Dataset Information


Cdk5 Deletion Enhances the Anti-inflammatory Potential of GC-Mediated GR Activation During Inflammation.

ABSTRACT: The suppression of activated pro-inflammatory macrophages during immune response has a major impact on the outcome of many inflammatory diseases including sepsis and rheumatoid arthritis. The pro- and anti-inflammatory functions of macrophages have been widely studied, whereas their regulation under immunosuppressive treatments such as glucocorticoid (GC) therapy is less well-understood. GC-mediated glucocorticoid receptor (GR) activation is crucial to mediate anti-inflammatory effects. In addition, the anti-cancer drug roscovitine, that is currently being tested in clinical trials, was recently described to regulate inflammatory processes by inhibiting different Cdks such as cyclin-dependent kinase 5 (Cdk5). Cdk5 was identified as a modulator of inflammatory processes in different immune cells and furthermore described to influence GR gene expression in the brain. Whether roscovitine can enhance the immunosuppressive effects of GCs and if the inhibition of Cdk5 affects GR gene regulatory function in innate immune cells, such as macrophages, has not yet been investigated. Here, we report that roscovitine enhances the immunosuppressive Dexamethasone (Dex) effect on the inducible nitric oxide synthase (iNos) expression, which is essential for immune regulation. Cdk5 deletion in macrophages prevented iNos protein and nitric oxide (NO) generation after a combinatory treatment with inflammatory stimuli and Dex. Cdk5 deletion in macrophages attenuated the GR phosphorylation on serine 211 after Dex treatment alone and in combination with inflammatory stimuli, but interestingly increased the GR-dependent anti-inflammatory target gene dual-specificity phosphatase 1 (Dusp1, Mkp1). Mkp1 phosphatase activity decreases the activation of its direct target p38Mapk, reduced iNos expression and NO production upon inflammatory stimuli and Dex treatment in the absence of Cdk5. Taken together, we identified Cdk5 as a potential novel regulator of NO generation in inflammatory macrophages under GC treatment. Our data suggest that GC treatment in combination with specific Cdk5 inhibtior(s) provides a stronger suppression of inflammation and could thus replace high-dose GC therapy which has severe side effects in the treatment of inflammatory diseases.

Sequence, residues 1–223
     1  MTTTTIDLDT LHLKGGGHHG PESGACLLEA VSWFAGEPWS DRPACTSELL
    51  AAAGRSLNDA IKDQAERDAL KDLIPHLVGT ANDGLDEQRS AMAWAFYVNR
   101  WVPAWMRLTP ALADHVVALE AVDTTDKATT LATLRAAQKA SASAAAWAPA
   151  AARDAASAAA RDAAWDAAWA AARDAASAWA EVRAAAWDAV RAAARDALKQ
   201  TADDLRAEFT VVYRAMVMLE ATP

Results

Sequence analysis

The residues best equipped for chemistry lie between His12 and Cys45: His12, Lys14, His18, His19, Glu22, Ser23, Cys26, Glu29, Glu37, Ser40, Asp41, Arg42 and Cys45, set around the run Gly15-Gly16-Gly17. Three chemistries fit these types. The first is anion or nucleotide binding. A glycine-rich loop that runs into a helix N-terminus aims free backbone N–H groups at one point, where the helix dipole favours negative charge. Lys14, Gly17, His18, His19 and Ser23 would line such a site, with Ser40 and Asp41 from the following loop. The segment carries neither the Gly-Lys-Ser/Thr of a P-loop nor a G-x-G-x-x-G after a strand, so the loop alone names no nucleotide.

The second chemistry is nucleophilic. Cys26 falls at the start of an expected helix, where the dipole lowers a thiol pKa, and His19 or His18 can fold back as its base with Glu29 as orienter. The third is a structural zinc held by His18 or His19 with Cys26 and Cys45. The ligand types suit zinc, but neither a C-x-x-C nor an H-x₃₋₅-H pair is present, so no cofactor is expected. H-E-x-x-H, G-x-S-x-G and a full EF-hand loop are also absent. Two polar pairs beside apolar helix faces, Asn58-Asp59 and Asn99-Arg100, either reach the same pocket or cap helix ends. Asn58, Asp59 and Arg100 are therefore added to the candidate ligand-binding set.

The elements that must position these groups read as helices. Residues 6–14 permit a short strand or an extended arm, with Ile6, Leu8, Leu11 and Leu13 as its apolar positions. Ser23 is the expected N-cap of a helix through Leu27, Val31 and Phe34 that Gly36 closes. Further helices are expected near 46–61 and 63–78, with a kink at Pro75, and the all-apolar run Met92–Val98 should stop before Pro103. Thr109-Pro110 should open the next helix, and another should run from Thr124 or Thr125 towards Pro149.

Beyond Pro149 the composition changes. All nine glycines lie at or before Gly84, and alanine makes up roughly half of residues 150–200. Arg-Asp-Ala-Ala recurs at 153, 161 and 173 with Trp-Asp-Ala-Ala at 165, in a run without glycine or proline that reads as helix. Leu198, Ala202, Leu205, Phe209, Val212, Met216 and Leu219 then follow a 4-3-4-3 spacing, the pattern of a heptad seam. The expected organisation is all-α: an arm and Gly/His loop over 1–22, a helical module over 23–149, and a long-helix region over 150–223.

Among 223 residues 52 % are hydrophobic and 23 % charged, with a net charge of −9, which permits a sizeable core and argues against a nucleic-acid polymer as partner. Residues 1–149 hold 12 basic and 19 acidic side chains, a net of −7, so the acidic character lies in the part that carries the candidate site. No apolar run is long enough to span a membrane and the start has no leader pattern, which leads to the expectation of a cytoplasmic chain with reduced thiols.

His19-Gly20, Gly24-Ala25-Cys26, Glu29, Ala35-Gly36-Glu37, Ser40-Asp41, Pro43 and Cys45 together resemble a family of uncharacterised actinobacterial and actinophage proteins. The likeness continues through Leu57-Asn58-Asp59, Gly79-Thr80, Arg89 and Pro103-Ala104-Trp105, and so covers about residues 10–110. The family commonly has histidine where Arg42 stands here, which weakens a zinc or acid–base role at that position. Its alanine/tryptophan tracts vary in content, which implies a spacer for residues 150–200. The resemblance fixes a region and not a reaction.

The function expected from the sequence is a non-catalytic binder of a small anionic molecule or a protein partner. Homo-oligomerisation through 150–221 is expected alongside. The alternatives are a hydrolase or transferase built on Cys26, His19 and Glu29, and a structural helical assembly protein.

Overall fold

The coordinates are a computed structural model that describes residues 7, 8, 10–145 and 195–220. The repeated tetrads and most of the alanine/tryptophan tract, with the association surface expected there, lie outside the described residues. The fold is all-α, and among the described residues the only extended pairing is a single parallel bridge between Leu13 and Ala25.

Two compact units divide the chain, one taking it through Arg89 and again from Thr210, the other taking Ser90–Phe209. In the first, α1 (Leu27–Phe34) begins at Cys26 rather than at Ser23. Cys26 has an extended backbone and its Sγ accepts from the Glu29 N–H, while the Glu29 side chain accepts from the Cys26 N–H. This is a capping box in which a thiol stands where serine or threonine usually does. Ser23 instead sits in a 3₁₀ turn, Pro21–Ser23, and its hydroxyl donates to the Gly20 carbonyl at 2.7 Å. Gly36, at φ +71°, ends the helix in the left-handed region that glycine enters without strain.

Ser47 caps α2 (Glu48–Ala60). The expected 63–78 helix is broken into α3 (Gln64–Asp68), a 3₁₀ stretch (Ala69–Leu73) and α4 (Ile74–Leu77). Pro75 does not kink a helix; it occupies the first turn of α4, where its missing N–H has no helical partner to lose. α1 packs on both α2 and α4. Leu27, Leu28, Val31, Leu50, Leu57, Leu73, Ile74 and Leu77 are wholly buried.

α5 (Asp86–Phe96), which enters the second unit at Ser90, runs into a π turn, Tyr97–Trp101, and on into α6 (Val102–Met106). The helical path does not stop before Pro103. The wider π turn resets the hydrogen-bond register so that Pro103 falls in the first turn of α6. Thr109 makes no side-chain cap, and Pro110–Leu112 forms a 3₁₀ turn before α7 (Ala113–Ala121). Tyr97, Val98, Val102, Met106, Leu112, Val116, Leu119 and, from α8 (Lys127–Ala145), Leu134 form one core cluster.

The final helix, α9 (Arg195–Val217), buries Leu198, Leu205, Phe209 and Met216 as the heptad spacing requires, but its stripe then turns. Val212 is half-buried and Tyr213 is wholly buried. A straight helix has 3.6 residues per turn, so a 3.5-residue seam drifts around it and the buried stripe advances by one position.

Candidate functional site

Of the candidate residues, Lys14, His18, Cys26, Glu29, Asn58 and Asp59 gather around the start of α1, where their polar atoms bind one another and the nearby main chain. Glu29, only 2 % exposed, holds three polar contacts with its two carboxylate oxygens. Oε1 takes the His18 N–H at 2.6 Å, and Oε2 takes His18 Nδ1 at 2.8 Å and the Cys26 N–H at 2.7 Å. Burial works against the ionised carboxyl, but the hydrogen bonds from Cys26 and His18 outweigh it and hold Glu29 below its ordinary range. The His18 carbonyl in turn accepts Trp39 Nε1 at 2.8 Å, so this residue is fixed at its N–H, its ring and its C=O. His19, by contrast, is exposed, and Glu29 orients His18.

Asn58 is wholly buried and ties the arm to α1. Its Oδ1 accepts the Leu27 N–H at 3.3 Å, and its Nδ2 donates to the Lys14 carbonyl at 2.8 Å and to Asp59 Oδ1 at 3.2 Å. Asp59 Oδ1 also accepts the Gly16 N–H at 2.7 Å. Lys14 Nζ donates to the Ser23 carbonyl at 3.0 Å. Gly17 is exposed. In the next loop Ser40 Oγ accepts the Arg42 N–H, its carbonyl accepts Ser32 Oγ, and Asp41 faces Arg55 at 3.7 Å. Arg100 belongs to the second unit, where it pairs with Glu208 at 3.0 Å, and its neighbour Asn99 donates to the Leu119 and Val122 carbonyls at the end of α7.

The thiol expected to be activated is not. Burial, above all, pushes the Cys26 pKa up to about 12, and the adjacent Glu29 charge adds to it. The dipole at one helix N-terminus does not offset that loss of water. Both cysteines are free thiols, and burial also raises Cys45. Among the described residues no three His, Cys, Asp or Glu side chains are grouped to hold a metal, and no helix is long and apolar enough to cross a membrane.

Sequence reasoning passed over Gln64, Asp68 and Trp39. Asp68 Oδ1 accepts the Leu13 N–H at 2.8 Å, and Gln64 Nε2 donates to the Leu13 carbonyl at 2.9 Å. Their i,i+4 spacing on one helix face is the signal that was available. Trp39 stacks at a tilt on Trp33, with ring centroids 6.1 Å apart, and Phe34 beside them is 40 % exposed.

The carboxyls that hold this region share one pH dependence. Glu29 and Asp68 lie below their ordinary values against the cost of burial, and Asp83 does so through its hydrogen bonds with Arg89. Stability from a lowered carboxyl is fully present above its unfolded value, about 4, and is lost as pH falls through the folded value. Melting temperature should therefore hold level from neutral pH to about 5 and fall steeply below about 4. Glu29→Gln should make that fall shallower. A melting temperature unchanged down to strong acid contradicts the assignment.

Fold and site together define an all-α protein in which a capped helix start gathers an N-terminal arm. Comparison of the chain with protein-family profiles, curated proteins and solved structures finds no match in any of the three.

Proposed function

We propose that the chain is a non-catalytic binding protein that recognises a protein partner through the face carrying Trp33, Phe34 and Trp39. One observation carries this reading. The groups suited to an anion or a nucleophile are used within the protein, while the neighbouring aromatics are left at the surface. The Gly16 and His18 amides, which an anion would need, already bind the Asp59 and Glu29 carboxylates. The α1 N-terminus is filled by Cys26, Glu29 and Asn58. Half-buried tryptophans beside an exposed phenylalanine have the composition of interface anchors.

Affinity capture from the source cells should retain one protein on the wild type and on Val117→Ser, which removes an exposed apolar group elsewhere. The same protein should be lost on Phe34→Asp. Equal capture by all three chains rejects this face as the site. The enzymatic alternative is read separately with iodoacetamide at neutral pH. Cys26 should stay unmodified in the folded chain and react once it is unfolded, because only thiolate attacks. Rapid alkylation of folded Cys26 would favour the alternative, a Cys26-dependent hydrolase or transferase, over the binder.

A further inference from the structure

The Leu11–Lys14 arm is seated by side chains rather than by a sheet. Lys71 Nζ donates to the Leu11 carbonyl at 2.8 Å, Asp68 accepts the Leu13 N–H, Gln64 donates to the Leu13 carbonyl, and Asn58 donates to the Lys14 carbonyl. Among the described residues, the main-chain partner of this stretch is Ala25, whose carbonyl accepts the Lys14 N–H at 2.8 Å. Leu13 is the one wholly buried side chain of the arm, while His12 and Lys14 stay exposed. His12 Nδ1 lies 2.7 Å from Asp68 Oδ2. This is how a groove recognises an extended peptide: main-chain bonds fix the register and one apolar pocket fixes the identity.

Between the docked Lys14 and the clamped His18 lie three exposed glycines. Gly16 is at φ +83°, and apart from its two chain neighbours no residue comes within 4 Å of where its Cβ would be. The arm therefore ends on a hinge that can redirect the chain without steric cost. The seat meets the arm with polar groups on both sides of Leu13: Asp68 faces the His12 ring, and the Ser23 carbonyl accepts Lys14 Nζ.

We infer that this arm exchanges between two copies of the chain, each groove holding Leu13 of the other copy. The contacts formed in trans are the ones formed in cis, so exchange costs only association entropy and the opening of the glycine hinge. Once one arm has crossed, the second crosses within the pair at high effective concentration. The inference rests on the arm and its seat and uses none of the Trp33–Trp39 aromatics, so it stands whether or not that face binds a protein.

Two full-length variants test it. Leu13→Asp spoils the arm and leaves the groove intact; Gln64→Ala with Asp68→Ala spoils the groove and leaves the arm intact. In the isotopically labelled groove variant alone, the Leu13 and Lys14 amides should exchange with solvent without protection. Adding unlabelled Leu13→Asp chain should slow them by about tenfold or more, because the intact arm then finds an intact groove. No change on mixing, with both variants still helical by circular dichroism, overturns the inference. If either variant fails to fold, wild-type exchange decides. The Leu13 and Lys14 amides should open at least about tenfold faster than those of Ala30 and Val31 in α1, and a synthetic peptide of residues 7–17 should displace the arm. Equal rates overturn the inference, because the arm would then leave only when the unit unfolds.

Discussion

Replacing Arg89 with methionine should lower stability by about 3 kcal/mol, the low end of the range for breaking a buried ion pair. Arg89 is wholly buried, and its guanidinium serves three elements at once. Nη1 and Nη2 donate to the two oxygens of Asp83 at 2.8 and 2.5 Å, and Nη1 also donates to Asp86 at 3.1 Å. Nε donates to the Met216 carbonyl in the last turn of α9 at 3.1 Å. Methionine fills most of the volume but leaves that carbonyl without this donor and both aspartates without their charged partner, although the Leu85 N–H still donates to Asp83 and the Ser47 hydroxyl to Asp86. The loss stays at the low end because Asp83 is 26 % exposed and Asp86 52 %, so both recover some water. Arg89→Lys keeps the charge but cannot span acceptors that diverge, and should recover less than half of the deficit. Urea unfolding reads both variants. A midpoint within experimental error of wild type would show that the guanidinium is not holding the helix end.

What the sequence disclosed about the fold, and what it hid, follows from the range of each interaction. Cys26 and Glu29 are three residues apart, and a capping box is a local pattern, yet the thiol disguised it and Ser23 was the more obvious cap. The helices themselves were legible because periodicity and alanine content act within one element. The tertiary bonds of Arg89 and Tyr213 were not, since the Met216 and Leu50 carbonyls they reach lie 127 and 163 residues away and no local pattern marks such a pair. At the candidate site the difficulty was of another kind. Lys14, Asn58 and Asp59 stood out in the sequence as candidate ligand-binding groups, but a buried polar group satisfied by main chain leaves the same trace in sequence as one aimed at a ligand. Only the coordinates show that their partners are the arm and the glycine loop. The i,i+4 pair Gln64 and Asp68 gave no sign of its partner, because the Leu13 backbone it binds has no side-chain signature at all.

PROVIDER: S-EPMC6635475 | BioStudies |

REPOSITORIES: biostudies

Similar Datasets

| S-EPMC2740392 | BioStudies
2014-01-01 | S-EPMC3948355 | BioStudies
| S-EPMC5572836 | BioStudies
| S-EPMC3221683 | BioStudies
| S-EPMC6664002 | BioStudies
| S-EPMC5771406 | BioStudies
| S-EPMC6890434 | BioStudies
2017-08-08 | GSE93738 | GEO
2017-08-08 | GSE93736 | GEO
2017-08-08 | GSE93735 | GEO